Homeownership is an important financial step for most Americans; owning a home gives you shelter, but unlike renting, allows you to build equity over time, so you can (hopefully) earn a return on your investment when it’s time to sell the house.
Unfortunately, millions of people aren’t in a position to buy a house, because they have limited financial resources, because they don’t have much credit history, or because they haven’t had the chance to learn about what home ownership is or how to buy a home. Problems from all three categories have the potential to affect military veterans, who often spend time overseas or involved in conflicts, only to return home with almost nothing to their name and no idea what to do next.
Thankfully, VA home loans exist to help veterans and their family members afford to buy a home—but what is it, how does it work, and why is it so beneficial?
VA Loans in a Nutshell
The Veteran’s Administration (VA) home loan allows the person borrowing the money to finance up to 100 percent of the purchase price of a primary home; that means unlike in a typical mortgage situation, no down payment is necessary. The only exception to this is if the valuation of the home doesn’t meet the purchase price of the home.
VA loans are also beneficial because unlike other programs (like FHA loans) there are no monthly mortgage insurance premiums to pay. In addition, they tend to carry lower interest rates than other types of loans, and closing costs are limited; sellers can pay all of a buyer’s closing costs with flexibility for up to 4 percent in concessions.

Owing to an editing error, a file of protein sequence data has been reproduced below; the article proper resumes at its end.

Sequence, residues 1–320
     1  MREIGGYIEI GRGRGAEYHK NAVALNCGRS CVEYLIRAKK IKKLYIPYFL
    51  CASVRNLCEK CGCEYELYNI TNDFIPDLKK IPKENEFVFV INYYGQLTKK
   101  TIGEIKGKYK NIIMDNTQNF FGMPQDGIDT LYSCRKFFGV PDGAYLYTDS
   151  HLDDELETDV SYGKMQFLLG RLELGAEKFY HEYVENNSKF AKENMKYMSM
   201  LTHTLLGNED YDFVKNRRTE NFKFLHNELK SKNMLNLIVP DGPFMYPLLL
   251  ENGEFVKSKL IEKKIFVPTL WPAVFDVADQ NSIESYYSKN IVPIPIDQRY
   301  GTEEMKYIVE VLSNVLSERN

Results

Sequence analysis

You should also know that a VA loan won’t guarantee that the home you’re purchasing is free of defects; VA loan specialists will appraise the property, but you’ll still need to have a full home inspection done before you commit to purchasing the house. The VA will also not guarantee that your home purchase is a good investment; you’ll need to do your financial research before making the decision.
VA Loan Eligibility
So who is eligible for a VA home loan? For starters, you’ll need to fulfill at least one of the following requirements:
- Serving 90 days of active service during wartime.
- Serving 181 days of active service during peacetime.
- Having more than 6 years of service in the National Guard or Reserves.
- Being the spouse of a service member who has died in the line of duty.
You’ll need to be approved formally by the Veteran’s Administration before you can take advantage of this program.
Is It Right for You?
If you meet some of the eligibility criteria mentioned, you’re probably wondering whether a VA loan is the right choice for you. If you plan on buying a home, you probably won’t find a better deal than a VA loan—your down payment requirement is reduced to nothing (with no penalties), you’ll get a better interest rate, and you might even get to skip most of your closing costs.
However, if you aren’t yet ready to buy a home, the existence of the VA loan shouldn’t be an excuse to jump into home ownership. In some cases, it’s objectively better to rent than it is to buy, and a good deal on a loan won’t change that. Even with the VA loan available to you, make sure you do your research on home buying and renting costs in your area, and only proceed when you feel you have a satisfactory knowledge of your environment.